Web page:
• Dilip Hiro, a veteran journalist on the Middle East. His trilogy of books on Iraq and Iran are considered some of the most definitive histories of the wars in the Persian Gulf. His latest book is called "Secrets and Lies: Operation "Iraqi Freedom" and After."

Transcript

This is a rush transcript. Copy may not be in its final form.

AMY GOODMAN: We are joined on the line from London by veteran Middle East journalist, Dilip Hiro. His trilogy of books on Iraq and Iran are considered some of the most definitive histories of the wars in the Persian Gulf. His latest book is called Secrets and Lies: Operation Iraqi Freedom and After. We welcome you to Democracy Now!, Dilip Hiro.

DILIP HIRO: Good morning to you.

AMY GOODMAN: It’s good to have you join us. Can you talk about the new government of Iraq?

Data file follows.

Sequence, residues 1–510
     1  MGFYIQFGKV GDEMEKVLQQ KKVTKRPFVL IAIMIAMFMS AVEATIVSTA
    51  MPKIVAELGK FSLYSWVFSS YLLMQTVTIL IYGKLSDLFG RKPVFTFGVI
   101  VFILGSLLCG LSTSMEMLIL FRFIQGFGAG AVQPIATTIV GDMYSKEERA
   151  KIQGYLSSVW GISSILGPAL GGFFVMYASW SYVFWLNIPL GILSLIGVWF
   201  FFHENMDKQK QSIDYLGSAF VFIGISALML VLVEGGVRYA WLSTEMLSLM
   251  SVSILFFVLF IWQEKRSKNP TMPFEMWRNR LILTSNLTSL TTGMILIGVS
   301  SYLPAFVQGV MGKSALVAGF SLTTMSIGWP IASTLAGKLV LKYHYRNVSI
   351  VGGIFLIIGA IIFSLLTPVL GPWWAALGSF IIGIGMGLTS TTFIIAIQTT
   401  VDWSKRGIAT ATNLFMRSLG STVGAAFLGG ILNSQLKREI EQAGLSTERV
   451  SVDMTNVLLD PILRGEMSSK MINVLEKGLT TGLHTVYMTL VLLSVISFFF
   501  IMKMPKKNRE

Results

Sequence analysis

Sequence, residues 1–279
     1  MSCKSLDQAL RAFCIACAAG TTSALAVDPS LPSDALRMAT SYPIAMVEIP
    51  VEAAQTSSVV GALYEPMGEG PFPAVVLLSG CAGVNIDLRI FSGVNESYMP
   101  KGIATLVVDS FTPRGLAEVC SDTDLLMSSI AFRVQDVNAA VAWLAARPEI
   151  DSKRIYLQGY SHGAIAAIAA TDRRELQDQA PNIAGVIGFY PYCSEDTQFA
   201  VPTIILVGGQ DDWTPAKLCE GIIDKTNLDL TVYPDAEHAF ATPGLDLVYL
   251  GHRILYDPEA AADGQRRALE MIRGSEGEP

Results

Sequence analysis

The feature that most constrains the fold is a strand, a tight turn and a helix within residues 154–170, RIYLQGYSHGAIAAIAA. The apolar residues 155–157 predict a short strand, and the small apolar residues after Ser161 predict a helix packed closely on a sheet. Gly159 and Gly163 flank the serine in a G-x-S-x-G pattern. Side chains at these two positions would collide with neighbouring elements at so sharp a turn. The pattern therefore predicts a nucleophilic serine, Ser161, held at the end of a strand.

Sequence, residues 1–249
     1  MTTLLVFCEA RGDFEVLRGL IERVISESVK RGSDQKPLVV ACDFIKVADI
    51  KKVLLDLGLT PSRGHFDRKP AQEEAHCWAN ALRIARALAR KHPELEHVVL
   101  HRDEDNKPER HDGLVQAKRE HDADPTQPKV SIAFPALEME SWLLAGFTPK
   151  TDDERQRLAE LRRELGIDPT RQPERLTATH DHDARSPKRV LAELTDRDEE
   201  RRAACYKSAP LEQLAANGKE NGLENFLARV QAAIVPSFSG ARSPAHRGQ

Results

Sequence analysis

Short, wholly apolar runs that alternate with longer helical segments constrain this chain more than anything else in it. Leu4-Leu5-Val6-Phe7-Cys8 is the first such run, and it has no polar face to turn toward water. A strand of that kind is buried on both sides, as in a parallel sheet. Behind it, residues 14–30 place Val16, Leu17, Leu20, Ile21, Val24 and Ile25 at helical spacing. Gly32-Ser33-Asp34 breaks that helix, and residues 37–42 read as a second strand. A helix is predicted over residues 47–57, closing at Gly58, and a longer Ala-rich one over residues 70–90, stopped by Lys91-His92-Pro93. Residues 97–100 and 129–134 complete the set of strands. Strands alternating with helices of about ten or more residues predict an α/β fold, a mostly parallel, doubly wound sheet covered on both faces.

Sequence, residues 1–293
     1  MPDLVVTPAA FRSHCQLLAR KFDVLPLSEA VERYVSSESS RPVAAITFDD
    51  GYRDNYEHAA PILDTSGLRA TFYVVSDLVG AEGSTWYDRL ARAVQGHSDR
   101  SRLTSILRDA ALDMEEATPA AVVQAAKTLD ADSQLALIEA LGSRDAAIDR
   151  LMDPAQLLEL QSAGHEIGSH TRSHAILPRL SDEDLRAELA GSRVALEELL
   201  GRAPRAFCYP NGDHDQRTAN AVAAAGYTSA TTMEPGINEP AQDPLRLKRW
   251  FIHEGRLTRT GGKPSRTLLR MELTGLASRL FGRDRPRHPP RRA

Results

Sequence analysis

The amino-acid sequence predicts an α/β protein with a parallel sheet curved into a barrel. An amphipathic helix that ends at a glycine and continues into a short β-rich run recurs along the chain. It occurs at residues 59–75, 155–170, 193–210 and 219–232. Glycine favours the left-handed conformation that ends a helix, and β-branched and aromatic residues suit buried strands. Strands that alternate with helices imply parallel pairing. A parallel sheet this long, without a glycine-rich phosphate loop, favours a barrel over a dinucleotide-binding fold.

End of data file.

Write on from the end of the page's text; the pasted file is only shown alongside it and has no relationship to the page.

DILIP HIRO: Yes, certainly. I can give you a very quick biographical sketch of Jalal Talabani. He was born in 1934 in a place in Kurdistan called [Kelkan], and he trained as a lawyer. He went to Baghdad University, joined the Kurdistan Democratic Party, which was then run by Mustafa Barzani, a tribal Islamic leader, and then fell out with him, with Barzani, Sr., and actually went over to work with the government in Baghdad. Then after quite few twists and turns in 1975, he again, he briefly joined the Kurdistan Democratic Party, then left to go and live in Beirut, and when he was in Beirut in the mid-1970s, he came under the influence of George Habash, the leader of the Palestine Liberation Front, Popular Front for the Liberation of Palestine, P.F.L.P., who was a Marxist leader. And he then in 1976 set up along with others Patriotic Union of Kurdistan, the P.U.K., which actually described itself as a Marxist-Leninist organization. And that is the organization of which he had been a leader. He has changed sides so often that I think it would be very boring for me to go through each twist and turn. There’s a very long entry on him in my book, The Essential Middle East: A Comprehensive Guide.